Teachers Refuse to Give Standardized Exams at Seattle Schools: There is more than one way to skip accountability.

“..Pay no attention to that man behind the curtain..”         


           Strategically, this is a brilliant move on the part of Teacher’s Unions; and why not? When the “tone” of the battle is dramatically going against you, what better time to throw “caution to the wind”. There are times when the only play you have, is to throw a pass into the end zone and hope someone on your team is somehow able to catch it (hey, its super bowl timeJ).  This move is fraught with tremendous dangers, and that is perhaps why the Seattle Superintendent is moving in such a thoughtfully cautious way. This “play” could work to totally dismantle the standardized testing system, too quickly and without planning. This Seattle situation is dangerous for the following reasons: State and school districts have been granted major sustaining funding (Federal, State and private) based on some relationship to standardized testing. Standardized assessments are linked to many other activities in public education (i.e. labor contracts, funding based on student performance on these exams; this includes monitoring special populations of students simply showing up to take the exam). Without standardized testing what happens to all of these evaluation tools; and their connected funding criteria? (Some like special education is coded in law). What if the taking and passing of these exams are requirements for promotion, or in the case of High School, graduation? State Education Departments and Legislatures would need to “race and scramble” to change promotion and graduation laws, before the end of the school year (doubt that can happen). If standardized exams are one of the criteria used to evaluate teachers and administrators (in present contract agreements); an educator terminated, not granted a “step increase”, not promoted  for “poor standardized test results”; would have a strong argument for appeal if similar colleagues were not affected , or held “safe-harmless” because their schools did not take the standardized exams. Teachers are smart, (they are teachers!) they may say: “Hey, I will take the 10 day suspension without pay, if I can keep my job!” Further, an entire teaching staff refusing to give a standardized exam is an uncharted disciplinary topic; who knows how hearing officers may decide. If you just don’t do that one “thing”, and do every other part of your job well, is that a dereliction of duty?   As a former superintendent I have more than once experienced “strange” rulings on the part of these independent hearing officers.  And even if the school district “wins”, do you fire or suspend the entire teaching staff in the middle of the year, and cause educational havoc (folks calling for the superintendent to fire or suspend the staff, have no idea what that would mean for a school’s learning environment) The superintendent is playing it right; bring water not gasoline to the situation. He must find a “diplomatic” way for those teachers to “back down”. He should make this “event” an opening opportunity for a productive, and thoughtful school district discussion: “How do we transform standardized assessment into something that could actually support instructional practice; and also hold schools accountable to a standard?”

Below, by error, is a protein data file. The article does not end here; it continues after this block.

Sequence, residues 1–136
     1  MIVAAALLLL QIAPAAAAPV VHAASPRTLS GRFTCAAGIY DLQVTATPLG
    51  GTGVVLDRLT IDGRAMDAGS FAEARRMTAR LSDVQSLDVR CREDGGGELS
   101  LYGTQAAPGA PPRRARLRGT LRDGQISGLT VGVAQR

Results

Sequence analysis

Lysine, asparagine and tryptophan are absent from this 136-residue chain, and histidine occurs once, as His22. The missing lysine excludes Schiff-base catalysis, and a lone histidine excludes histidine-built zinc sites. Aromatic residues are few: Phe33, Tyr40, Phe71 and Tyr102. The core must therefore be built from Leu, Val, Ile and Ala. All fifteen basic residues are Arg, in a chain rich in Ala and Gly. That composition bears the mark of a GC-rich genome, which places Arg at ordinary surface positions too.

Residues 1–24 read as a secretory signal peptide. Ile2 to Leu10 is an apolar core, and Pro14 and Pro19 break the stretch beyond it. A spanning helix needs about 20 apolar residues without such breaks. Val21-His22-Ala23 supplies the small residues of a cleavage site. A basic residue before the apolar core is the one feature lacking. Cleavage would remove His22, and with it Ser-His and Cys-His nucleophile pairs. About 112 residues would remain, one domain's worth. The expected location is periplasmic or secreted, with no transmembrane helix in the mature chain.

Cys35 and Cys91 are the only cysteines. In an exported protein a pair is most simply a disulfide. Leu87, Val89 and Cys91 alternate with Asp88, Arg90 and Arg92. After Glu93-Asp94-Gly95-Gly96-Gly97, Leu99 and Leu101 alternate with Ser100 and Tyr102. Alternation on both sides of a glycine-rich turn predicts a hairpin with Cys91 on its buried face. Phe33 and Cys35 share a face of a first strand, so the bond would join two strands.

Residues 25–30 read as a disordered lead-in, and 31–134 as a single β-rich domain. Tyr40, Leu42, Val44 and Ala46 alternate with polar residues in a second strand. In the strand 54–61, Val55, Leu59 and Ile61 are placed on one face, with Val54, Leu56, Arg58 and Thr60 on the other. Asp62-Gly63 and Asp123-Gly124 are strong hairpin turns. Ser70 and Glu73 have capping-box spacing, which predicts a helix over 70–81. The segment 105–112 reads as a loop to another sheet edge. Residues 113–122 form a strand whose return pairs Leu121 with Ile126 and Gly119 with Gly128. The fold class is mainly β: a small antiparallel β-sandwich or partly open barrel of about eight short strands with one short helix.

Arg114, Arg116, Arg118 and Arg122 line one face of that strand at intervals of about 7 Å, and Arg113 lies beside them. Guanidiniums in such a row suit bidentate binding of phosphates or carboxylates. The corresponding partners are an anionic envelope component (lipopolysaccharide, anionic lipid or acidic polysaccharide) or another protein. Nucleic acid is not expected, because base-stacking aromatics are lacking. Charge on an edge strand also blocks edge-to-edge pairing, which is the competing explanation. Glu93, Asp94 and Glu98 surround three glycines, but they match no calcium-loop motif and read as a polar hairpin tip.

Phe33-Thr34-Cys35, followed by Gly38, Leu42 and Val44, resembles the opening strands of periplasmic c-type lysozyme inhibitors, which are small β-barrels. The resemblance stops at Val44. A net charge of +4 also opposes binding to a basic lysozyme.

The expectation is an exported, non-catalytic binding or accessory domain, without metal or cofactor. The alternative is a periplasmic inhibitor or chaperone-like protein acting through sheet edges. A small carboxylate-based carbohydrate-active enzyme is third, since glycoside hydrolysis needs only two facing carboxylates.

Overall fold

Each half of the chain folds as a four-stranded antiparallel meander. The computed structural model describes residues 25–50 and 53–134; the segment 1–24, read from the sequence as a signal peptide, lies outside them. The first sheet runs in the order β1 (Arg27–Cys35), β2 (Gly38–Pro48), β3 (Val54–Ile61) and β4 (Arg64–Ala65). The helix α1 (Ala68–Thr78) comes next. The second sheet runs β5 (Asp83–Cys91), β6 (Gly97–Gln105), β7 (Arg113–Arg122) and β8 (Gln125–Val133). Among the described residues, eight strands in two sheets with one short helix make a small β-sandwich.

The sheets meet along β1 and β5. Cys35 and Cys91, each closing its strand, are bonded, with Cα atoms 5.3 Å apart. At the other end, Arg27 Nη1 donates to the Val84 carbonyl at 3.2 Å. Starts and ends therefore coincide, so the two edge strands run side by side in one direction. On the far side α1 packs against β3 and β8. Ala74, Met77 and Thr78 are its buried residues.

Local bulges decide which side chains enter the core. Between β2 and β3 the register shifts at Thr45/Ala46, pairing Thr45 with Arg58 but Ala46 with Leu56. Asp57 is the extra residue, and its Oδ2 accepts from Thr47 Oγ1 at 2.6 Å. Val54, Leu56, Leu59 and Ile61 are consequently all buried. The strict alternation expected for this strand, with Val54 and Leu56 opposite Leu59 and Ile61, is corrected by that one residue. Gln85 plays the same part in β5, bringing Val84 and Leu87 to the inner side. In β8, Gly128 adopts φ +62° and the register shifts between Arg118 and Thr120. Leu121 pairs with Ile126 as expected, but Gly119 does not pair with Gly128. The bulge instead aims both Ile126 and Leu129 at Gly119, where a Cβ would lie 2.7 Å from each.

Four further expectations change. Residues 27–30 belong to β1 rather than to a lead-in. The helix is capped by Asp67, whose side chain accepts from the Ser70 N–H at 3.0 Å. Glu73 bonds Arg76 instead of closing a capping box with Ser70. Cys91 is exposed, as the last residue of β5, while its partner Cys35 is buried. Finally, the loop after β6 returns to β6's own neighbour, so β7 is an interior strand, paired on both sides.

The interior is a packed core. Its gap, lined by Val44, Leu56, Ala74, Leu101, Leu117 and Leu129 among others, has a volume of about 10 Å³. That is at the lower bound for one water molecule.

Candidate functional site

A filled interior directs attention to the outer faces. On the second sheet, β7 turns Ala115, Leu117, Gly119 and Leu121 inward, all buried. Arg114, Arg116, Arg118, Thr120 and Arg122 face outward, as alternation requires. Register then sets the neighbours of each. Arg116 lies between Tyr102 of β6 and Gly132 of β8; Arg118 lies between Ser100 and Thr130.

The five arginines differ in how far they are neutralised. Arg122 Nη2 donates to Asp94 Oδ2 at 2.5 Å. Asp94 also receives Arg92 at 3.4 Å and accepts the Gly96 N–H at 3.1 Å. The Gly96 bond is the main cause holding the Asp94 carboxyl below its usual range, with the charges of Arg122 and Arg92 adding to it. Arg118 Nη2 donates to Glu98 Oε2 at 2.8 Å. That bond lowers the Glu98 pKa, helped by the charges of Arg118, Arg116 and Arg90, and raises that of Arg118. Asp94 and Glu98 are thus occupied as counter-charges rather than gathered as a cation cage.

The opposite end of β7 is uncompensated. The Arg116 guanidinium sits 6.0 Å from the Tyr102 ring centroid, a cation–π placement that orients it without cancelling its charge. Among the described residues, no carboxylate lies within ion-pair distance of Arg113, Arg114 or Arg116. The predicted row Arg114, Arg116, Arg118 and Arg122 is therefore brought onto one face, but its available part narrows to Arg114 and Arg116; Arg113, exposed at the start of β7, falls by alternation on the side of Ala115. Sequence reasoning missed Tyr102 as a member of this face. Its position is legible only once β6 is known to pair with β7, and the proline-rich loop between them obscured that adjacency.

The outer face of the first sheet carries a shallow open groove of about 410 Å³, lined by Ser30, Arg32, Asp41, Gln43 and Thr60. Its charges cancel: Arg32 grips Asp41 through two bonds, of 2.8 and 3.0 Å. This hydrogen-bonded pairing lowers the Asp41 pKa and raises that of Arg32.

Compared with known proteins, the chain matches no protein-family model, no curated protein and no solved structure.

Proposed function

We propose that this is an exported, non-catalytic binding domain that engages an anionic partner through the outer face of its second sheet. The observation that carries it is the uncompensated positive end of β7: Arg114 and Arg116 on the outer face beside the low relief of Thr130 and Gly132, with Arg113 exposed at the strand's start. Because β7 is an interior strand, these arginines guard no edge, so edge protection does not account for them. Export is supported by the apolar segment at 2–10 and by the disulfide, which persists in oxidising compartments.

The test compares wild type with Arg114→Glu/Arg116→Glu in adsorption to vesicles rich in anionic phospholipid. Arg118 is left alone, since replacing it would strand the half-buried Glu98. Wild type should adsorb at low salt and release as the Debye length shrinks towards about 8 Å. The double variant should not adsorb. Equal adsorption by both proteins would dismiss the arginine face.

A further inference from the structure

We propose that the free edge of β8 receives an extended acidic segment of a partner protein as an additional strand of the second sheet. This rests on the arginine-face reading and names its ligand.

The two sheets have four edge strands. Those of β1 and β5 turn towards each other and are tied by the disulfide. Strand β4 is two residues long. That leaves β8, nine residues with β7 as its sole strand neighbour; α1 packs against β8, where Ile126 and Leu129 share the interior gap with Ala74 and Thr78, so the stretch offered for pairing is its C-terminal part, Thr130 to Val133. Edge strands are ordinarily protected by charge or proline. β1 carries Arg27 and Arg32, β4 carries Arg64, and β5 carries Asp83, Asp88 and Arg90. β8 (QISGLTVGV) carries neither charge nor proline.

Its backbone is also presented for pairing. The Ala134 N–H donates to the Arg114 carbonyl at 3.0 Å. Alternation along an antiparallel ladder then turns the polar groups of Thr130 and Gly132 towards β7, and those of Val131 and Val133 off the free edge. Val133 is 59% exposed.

How did we get here?